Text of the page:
“Cheating? I’d say I’m winning,” he laughed.

“Well, the least you could do is kiss me if you’re not going to let me win.”

So he did. And then they laid there in the silent snow. Justin’s hands were shaking, his heart’s rhythm struggling to remain under control.

“So if someone I know dies, this is how I’m gonna feel,” he said quietly.

“How’s that?” Callie asked.


After play rehearsal, Callie sat down at her computer. She would finish the story. Maybe she would show the rest of it to Justin…

Two hours later the paramedics arrived at the scene of the crash. She remained in the car, the roof smashed in, trapping her body between the steering wheel and what was left of her seat. She breathed slowly, wondering how many of her bones were broken. She knew she had lived. But she didn’t know how. Or why.

She tried to move her legs.

“I can’t feel my legs. I can’t feel my legs!” She thought she was screaming, but her mouth wasn’t moving. The crash had broken her jaw, shattering her nose and knocking out most of her teeth.

Suddenly a large light shined in her eyes. She couldn’t squint. She couldn’t move.

“We’re gonna get you out!” a deep voice said, loudly.

She was eventually pulled from the wreckage. She heard bits and pieces of conversations.

“…can’t believe it…”

“…driving so fast…”

“Alcohol related… other driver killed…”

Callie grasped those two words: “other driver.”

Who had she hit?

She had killed someone with her own manic stupidity. She wanted to tell him she was sorry. She wanted to tell everyone she was sorry. It should have been her. She should have been the one to die.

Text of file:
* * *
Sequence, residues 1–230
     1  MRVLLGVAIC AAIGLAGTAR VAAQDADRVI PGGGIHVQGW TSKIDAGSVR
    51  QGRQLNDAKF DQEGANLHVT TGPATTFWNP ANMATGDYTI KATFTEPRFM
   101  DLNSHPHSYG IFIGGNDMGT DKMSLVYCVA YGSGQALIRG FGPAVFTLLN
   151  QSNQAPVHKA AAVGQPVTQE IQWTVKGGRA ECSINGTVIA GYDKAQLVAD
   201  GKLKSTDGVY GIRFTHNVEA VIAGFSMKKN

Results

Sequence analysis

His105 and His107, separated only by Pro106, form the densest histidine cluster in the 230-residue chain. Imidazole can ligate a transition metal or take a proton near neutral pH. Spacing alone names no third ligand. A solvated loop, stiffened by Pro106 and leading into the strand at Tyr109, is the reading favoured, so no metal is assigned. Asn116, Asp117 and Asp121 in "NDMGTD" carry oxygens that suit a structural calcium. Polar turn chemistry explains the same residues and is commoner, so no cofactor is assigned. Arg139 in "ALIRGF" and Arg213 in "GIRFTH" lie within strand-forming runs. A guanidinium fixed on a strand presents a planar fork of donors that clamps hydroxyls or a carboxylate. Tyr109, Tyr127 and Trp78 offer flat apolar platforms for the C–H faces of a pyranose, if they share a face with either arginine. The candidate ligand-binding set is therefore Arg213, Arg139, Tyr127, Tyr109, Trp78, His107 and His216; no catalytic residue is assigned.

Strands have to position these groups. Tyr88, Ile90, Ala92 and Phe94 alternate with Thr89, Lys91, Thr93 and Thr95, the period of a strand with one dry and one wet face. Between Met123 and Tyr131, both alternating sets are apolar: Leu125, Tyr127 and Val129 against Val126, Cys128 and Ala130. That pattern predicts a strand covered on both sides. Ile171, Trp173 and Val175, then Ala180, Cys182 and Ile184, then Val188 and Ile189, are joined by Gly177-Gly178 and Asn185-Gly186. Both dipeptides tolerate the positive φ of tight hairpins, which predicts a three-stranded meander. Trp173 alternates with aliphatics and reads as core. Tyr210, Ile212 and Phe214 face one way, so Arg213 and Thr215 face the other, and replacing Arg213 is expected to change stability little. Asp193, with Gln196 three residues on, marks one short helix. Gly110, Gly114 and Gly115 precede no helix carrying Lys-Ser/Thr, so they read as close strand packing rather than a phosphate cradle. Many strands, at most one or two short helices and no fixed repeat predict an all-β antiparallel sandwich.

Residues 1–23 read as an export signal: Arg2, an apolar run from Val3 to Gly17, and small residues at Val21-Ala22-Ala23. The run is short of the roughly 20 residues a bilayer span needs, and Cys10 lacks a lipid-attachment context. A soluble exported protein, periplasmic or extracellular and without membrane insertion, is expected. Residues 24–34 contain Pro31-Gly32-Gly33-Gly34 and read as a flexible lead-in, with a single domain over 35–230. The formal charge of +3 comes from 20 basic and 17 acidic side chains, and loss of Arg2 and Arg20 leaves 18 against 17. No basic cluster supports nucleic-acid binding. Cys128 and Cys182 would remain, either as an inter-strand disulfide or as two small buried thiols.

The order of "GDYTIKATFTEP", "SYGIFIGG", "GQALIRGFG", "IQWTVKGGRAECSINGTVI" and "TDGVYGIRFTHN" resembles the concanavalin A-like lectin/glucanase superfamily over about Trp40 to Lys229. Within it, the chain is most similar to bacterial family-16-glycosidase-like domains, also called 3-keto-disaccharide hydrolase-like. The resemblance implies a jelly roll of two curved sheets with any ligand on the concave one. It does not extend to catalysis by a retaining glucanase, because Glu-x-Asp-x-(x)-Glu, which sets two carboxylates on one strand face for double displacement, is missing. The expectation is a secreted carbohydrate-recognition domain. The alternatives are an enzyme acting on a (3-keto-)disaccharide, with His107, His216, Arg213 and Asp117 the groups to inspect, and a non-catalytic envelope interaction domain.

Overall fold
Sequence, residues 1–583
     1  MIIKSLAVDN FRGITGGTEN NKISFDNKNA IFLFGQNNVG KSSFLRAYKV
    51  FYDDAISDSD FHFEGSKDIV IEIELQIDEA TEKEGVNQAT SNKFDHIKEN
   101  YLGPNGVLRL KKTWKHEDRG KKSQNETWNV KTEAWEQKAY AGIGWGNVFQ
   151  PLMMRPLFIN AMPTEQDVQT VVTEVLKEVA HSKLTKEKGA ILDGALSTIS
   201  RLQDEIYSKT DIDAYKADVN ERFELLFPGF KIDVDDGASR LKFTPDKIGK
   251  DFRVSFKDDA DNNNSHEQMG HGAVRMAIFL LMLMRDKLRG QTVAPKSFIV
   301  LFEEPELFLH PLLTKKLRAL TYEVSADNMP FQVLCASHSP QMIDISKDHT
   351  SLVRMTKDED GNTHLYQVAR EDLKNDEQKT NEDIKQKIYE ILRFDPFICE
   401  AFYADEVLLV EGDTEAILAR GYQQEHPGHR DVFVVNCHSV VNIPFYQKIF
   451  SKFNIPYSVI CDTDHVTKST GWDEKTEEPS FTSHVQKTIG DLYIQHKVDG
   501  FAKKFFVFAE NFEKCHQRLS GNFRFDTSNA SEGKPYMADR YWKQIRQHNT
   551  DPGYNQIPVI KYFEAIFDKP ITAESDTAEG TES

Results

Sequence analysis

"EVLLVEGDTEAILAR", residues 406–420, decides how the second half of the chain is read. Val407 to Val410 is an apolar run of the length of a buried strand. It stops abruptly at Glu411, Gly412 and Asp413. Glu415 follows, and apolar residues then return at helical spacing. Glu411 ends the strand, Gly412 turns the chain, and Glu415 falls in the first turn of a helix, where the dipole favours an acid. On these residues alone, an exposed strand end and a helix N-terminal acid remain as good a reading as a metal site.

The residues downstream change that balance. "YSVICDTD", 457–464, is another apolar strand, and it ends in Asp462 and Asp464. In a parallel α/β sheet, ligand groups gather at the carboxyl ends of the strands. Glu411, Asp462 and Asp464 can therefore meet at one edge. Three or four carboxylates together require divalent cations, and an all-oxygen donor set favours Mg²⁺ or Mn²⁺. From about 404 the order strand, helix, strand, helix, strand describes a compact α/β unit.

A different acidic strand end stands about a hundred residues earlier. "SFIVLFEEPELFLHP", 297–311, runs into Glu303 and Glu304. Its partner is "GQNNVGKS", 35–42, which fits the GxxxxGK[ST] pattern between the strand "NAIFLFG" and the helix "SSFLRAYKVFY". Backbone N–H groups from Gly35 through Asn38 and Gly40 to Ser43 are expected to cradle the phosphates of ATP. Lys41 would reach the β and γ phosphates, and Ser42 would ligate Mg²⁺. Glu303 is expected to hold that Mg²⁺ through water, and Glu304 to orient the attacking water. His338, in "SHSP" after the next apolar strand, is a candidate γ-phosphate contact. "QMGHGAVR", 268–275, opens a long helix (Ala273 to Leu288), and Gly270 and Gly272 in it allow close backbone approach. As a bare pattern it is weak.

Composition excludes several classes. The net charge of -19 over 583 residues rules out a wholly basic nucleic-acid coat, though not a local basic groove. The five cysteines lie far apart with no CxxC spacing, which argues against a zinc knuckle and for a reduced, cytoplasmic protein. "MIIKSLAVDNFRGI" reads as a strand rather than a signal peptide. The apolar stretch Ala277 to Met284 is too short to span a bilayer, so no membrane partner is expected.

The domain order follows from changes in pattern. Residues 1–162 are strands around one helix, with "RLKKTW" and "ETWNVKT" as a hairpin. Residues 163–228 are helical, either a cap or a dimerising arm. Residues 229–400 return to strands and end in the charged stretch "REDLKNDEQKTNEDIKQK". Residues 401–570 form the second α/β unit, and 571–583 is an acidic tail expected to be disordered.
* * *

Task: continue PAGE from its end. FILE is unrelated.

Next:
She felt weightless for a moment, realizing she had been lifted onto a stretcher. The paramedics wheeled her over to the ambulance, lifted her and pushed her into the back.

She didn’t feel any physical pain. Was this was death would be like? Would she hear voices and see colors and bright lights?

Would she feel anything ever again?

…Or maybe Callie would fold the story away. She would lock it in a drawer, and when the time was right, they could read it together.

Tuesday, November 24, 2009

Millenial Musings

I am a millennial. I think.

I've been in denial for a few years, possibly because our generation gets such a bad reputation. We're the "trophy kids." We were pampered during our formative years, repeatedly told that "everyone is a winner," and our parents were known to call the teacher to determine the source of that big F on yesterday's geometry quiz. And don't even get me started on how our generation is perceived in the workplace. Apparently, we're self-destructive rebels who can't conduct ourselves civilly, much less professionally. My mind immediately wanders to Animal  (doesn't he eat glass?) from The Muppet Show. Are we really that bad?

But I'd also been in denial because my birth year (1982) teeters between Gen X and Gen Y (Millenial) in multiple sources. In some sources I'm at the tail end of Generation X; in others I'm an early Millenial and therefore not a true member of Generation Y. According to those dates, my brothers and I are all Millenials. They are 16, 18, and 25. There's an eleven year gap between me and my youngest brother, and I'm pretty sure we don't fall neatly into the Millenial package together. At 15, he had a Blackberry Storm®. At 15, I had a plastic pager. And even at 16, my "cell" phone was attached to the center console in my Ford Bronco. I think it was called a "car phone."